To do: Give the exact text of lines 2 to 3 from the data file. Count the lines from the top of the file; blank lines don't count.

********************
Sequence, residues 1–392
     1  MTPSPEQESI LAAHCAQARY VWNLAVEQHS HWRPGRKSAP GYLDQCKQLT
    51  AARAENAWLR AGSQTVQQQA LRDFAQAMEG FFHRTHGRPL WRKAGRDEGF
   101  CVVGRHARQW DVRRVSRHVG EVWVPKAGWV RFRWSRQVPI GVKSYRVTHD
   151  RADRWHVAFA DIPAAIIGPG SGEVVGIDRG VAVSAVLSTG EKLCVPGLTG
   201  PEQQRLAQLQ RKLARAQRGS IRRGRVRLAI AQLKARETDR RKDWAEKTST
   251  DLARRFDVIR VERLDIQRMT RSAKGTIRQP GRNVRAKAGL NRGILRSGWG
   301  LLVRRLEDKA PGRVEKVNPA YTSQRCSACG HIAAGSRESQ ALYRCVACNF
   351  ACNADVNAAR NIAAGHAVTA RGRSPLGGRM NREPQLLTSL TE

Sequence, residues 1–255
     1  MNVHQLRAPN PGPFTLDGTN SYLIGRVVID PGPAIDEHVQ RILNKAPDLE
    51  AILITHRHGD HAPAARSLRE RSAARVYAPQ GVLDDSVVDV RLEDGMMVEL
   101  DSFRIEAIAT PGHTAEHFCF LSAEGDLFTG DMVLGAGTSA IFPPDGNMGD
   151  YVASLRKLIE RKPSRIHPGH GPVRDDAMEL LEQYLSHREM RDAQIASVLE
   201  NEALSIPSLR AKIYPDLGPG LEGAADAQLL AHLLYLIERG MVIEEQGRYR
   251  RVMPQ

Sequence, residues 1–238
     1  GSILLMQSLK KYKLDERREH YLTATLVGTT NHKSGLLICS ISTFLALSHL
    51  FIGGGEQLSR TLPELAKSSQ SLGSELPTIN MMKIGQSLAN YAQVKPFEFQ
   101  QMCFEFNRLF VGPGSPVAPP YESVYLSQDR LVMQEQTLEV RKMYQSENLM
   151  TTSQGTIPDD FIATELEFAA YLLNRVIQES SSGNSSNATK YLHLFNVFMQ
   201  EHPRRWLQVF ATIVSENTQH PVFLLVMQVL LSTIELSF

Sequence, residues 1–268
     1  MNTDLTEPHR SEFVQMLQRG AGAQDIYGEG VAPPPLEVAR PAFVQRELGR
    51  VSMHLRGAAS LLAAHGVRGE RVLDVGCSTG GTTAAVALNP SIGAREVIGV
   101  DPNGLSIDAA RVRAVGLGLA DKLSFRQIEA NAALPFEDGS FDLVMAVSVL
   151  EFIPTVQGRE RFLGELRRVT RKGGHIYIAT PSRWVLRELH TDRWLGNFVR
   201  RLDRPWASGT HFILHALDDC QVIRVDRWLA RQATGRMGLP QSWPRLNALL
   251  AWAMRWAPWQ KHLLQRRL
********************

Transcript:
     1  MTPSPEQESI LAAHCAQARY VWNLAVEQHS HWRPGRKSAP GYLDQCKQLT
    51  AARAENAWLR AGSQTVQQQA LRDFAQAMEG FFHRTHGRPL WRKAGRDEGF